B Radial load on radial bearing
45.4 Kg Impeller radial load on end of shaft
Standard
152 mm
203 mm
ANSI (DIN/ISO) Pump
B
M
0355(45.4)-152B
16,117152B
B106 Kg
?
A
?
M
0 203(45.4)-152A
9,216152A
A61 kg
B
LD PUMP
M
0279(45.4)-152B
?
12,667152B
B83 Kg
A
A
?
M
0 127(45.4))-152A
5,766152A
A 38 Kg
45.4 Kg
B
Radial Bearing
106 Kg To 83 Kg
22 Reduction in Load
152 mm
127 mm
2.1 x Improvement in Life
Thrust Bearing
B
61Kg To 38 Kg
37 Reduction in Load
4 x Improvement in life
Bearing rating life varies inversely as the cube
of the applied load
48
MAXIMUM STIFFNESS RATIO
  • L3 / D4 RATIO
  • Less than 60 (Inch)
  • Less than 2.4 (Metric)

49
STIFFNESS RATIO CHART
50


STIFFNESS RATIO CHART - METRIC

51
EFFECTIVE PUMP OPERATIONAL ZONES
PUMP CURVE
BEP
A
HEAD
B
METRIC A
C
D
80
10
20
0
10
20
40
15
25
PERCENT OF BEP
FLOW
52
ALIGNMENT
  • EVERY TIME A PUMP IS TORN DOWN, THE MOTOR SHAFT
    AND PUMP SHAFT MUST BE REALIGNED
  • UNPROFESSIONAL OPTION TO RE-ALIGN USE A STRAIGHT
    EDGE
  • PROFESSIONAL OPTION IS TO USE DIAL INDICATORSTO
    MINIMIZE TOTAL RUNOUT
  • MODERN METHOD IS LASER ALIGNMENT WHICH IS VERY
    ACCURATE

53
PRESENT ALIGNMENT METHODS WEAKNESSES
  • All provide precision initial alignment
  • Degree of accuracy varies
  • Cost of system, training, and time involved in
    their use is dramatic
  • Time consuming (possibly 2 workers, 4-8 hrs.)
  • Difficult to compensate for high temperature
    applications
  • Requires worker skill, dexterity, and training to
    achieve accurate results
  • After pump startup, cannot insure continued
    alignment due to temperature, pipe strain,
    cavitation, water hammer, and vibration

54
MOTOR ADAPTER - WHAT IS IT?
  • Machined component that connects a pump power end
    to C face (D flg.) motor thru close tolerance
    fits on each end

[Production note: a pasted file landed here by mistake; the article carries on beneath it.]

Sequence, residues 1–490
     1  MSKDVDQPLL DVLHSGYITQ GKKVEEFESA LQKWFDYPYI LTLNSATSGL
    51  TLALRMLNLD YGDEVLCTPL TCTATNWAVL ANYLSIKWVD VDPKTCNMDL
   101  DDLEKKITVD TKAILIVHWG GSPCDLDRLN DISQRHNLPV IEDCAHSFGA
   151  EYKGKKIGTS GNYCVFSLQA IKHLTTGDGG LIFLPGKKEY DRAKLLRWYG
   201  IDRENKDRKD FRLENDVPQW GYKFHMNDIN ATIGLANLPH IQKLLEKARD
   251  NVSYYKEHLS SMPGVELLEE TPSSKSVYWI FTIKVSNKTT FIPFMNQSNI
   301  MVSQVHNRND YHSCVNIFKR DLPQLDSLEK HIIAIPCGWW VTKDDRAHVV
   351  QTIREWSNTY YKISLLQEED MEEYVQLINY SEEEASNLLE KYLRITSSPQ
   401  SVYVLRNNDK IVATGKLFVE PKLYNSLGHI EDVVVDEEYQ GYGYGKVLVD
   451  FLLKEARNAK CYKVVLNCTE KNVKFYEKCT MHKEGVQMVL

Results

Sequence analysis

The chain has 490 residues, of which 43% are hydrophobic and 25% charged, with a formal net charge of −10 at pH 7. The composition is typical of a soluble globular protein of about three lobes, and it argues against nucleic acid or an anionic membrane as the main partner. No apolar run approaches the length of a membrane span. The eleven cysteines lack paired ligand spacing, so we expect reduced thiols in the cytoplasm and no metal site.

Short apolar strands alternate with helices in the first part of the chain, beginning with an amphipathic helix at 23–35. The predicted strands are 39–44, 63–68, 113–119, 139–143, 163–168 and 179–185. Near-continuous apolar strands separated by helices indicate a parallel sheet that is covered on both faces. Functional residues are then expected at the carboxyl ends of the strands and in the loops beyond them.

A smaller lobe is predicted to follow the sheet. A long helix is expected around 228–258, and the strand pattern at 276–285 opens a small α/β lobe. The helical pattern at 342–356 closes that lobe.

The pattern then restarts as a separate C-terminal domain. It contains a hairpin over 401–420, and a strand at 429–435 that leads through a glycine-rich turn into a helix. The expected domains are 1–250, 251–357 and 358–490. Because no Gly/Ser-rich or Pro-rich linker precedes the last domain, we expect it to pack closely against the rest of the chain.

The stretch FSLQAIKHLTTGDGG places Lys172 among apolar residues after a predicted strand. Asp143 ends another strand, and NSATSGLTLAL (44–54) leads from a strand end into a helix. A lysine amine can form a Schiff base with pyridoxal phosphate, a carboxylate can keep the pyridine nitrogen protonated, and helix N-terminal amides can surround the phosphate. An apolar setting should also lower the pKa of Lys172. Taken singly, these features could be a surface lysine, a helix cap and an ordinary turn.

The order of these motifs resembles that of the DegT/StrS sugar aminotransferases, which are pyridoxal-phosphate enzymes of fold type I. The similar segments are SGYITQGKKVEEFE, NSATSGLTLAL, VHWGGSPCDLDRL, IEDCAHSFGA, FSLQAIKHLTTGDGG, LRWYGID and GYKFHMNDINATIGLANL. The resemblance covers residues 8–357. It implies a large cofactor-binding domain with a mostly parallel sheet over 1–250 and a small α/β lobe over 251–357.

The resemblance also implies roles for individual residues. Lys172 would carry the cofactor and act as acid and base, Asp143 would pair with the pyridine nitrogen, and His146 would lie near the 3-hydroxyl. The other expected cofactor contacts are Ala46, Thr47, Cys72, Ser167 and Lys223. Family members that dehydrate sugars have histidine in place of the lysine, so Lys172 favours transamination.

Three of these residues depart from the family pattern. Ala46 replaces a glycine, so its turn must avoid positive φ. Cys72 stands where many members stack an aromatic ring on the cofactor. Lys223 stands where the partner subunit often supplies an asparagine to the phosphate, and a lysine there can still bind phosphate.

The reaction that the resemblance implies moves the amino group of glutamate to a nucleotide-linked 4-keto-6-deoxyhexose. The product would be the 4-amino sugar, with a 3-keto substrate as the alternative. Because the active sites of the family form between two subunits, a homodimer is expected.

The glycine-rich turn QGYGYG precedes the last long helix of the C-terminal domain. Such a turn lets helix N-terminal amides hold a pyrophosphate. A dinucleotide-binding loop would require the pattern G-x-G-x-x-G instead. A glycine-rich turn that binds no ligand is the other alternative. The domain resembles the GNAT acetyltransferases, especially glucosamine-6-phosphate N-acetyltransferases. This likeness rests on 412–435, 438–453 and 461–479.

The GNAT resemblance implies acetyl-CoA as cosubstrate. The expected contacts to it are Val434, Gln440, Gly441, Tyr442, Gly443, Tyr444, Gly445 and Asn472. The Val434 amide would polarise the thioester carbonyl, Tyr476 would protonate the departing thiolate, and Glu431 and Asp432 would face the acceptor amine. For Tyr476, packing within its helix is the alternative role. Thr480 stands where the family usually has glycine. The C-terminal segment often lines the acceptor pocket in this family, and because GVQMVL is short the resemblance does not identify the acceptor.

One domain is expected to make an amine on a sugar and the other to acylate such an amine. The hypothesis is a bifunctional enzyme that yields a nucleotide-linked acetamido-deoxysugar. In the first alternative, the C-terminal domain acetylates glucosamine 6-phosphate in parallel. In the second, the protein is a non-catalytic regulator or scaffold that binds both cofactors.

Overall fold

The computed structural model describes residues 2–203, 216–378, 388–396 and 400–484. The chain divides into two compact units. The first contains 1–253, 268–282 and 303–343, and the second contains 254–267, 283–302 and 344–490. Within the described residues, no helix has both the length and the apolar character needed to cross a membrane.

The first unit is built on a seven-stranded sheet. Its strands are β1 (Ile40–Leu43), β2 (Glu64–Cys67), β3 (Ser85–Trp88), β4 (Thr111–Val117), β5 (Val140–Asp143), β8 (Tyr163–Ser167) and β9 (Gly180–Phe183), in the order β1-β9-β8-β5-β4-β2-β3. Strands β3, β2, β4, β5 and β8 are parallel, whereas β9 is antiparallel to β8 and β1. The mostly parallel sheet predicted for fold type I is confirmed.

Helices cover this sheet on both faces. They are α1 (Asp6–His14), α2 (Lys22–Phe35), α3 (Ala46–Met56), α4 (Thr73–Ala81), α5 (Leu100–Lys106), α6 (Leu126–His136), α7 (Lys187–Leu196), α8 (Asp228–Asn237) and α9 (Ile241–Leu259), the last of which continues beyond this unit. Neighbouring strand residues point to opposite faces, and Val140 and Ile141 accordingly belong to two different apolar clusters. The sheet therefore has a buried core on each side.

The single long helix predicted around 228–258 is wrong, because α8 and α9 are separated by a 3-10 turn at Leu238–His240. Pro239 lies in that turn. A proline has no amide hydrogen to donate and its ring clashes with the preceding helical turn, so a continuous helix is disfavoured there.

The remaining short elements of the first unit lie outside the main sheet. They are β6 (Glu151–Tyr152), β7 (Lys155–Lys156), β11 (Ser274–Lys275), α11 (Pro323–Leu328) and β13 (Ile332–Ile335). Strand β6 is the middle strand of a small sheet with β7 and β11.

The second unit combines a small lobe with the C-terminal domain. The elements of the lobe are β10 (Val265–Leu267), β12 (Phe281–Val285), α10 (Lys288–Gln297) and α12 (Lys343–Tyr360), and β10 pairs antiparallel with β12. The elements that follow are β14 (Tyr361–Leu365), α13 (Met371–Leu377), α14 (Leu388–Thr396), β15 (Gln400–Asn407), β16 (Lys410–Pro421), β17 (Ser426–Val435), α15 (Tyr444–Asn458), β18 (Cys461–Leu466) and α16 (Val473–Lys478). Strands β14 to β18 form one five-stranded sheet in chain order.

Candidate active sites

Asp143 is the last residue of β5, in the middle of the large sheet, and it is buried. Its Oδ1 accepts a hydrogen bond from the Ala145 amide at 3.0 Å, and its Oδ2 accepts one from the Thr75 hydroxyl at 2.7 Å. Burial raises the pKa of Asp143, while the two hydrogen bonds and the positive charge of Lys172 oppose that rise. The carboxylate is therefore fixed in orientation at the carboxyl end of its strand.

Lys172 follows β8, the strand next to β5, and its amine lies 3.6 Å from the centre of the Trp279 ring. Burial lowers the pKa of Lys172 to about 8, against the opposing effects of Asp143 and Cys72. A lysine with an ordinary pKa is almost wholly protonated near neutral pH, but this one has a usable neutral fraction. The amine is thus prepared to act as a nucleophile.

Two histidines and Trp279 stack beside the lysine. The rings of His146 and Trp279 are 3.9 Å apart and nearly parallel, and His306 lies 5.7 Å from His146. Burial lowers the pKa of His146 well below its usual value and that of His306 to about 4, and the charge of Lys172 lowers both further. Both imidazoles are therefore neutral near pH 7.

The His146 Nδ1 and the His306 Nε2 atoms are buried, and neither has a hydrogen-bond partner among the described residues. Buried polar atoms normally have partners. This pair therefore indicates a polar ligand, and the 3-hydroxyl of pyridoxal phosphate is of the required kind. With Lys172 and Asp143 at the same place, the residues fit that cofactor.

• Not a new technology
  • Used on machine tools and gear boxes
  • Operate with highest level of accuracy and
    precision
  • Mechanical seal in a pump is a high precision
    component
  • Mechanical seal accounts for 75 of pump downtime

55
MOTOR ADAPTER- ADVANTAGES
  • Provides easy, accurate, and reliable alignment
    during operation
  • Maintains near -laser alignment accuracy despite
    pipe strain, cavitation, high temperature, and
    vibration
  • A device that reduces vibration will prolong seal
    life and increase pump reliability
  • Reduces labor hours for initial installation
  • During teardown, maintenance cycle time is
    reduced dramatically
  • vertical mounting capability

56
MOTOR ADAPTER ADVANTAGES cont.
  • High temperature applications
  • Motor grows with the pump
  • More even temperature gradient across the pump
    and motor assembly
  • For high speed (3000/3600 RPM) applications -
    Alignment more critical
  • Disadvantages
  • Not as accurate as initial laser alignment due to
    inherent tolerance stackup of the various
    components

57
SEAL CHAMBERS
OLD STYLE
LARGE BORE

Designed for packing

Designed specifically for seals

Small radial clearances

20 Times greater fluid volume
-Seal contacting bore

Provides superior cooling,cleaning,

Limited fluid capacity
and lubrication for the seal
-Poor heat removal

Solids centrifuged away from seal

Easy to clog with solids

Eliminate seal rub problems
58
ELIMINATING SHAFT SLEEVES
  • Add no stiffness to shaft
  • Runout tolerance between shaft and sleeve
    compounds motion of seal faces in addition to
    deflection and shaft runout already present